With regular exercise, your canine friend might show signs of improvement in mobility. If that happens, you can slowly increase the duration of their walks and introduce new activities. Examples include chasing the ball, playing fetch, etc. 

Other than regular exercises, you can also focus on physical therapy for your dog with OA. If you enroll them in a program, a professional will analyze your pet’s needs to improve their mobility. They’ll help them perform various range-of-motion exercises. Examples include running on treadmills, swimming, etc. 

You can also use hands-on techniques to relieve their pain and make their joints more flexible. For instance, you can massage their body with a hot and cold compress method to relax their muscles and relieve pain. Stretching can also help increase flexibility in their joints. All these can improve blood flow and bring stability to your dog’s range of motion.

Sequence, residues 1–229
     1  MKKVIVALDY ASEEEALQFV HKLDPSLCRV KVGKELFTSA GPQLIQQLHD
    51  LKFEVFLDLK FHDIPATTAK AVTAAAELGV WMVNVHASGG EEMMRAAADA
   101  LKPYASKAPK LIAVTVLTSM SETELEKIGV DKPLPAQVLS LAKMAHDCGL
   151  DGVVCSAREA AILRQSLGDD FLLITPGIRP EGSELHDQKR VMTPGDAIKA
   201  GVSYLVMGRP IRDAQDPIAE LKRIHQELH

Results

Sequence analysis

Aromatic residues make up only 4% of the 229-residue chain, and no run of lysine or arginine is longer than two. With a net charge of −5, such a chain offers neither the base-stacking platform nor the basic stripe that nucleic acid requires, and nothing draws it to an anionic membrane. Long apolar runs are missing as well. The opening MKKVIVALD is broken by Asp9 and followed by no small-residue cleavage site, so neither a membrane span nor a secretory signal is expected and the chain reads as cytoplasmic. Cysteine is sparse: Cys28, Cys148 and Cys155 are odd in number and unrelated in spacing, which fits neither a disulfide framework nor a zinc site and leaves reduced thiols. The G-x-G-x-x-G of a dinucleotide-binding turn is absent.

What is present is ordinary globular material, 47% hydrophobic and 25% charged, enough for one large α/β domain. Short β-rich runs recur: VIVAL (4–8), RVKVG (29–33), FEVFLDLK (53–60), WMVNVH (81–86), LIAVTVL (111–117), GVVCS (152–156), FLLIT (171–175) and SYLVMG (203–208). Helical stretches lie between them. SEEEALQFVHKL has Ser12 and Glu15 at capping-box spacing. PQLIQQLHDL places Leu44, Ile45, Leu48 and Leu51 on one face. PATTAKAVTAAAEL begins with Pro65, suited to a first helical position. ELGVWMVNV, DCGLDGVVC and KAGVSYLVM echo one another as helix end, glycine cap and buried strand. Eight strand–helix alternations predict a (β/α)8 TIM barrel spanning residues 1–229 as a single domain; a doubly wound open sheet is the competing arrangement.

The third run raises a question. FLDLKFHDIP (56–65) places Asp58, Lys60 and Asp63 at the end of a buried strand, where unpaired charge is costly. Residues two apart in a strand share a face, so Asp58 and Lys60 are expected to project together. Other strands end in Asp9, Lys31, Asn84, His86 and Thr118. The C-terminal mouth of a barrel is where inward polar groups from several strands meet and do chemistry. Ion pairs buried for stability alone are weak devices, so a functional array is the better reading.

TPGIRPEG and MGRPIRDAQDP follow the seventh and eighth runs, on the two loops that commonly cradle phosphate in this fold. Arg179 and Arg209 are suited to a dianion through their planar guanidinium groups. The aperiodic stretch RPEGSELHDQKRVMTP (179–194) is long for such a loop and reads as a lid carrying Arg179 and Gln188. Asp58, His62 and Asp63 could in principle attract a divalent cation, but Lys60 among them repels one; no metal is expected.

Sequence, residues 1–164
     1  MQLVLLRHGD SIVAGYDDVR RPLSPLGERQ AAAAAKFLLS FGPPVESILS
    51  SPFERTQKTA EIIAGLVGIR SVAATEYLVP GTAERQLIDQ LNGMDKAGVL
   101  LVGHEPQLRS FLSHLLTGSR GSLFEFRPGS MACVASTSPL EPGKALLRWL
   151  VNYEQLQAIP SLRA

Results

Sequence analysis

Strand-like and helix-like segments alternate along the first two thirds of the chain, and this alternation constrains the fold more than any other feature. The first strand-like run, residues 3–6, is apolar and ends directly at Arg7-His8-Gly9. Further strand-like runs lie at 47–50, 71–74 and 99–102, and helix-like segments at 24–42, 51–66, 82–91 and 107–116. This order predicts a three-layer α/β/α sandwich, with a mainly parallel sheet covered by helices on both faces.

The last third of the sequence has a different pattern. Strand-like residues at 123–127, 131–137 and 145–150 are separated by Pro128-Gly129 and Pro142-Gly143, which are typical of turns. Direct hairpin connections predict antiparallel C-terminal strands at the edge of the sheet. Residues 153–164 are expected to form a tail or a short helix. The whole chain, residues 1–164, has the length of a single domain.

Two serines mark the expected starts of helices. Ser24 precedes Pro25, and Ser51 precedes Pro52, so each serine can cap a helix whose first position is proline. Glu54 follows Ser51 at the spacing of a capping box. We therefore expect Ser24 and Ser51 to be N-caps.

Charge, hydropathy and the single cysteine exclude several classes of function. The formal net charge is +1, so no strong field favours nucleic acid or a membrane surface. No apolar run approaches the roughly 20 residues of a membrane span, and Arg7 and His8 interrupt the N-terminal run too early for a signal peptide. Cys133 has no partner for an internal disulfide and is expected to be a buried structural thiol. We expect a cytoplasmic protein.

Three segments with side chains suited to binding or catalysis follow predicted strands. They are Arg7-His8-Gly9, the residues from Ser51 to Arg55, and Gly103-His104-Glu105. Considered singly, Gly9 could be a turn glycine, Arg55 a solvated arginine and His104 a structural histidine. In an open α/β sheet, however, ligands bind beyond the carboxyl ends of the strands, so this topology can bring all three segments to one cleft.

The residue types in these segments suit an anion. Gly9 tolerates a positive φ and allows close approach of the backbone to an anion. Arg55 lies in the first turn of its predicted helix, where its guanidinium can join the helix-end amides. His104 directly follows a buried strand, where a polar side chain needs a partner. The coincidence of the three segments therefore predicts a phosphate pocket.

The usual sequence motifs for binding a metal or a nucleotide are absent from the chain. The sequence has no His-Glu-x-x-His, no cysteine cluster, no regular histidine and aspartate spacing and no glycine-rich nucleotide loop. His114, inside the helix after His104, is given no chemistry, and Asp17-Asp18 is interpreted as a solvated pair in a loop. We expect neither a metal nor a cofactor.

4. Get Monoclonal Antibody Treatment Without Considering Other Options

a person holding a dog

In 2023, the U.S. Food and Drug Administration approved the first monoclonal antibody to help relieve pain in dogs with OA. To many pet parents, this medication became a holy grail because of its effectiveness. 

For example, Librela (bedinvetmab injection) is one such FDA-approved monoclonal antibody therapy. The elements in this medication bind with proteins in the dog’s body that can inhibit pain development. For it to be effective, you’ll need to take your dog to the vet once every month to get this injection.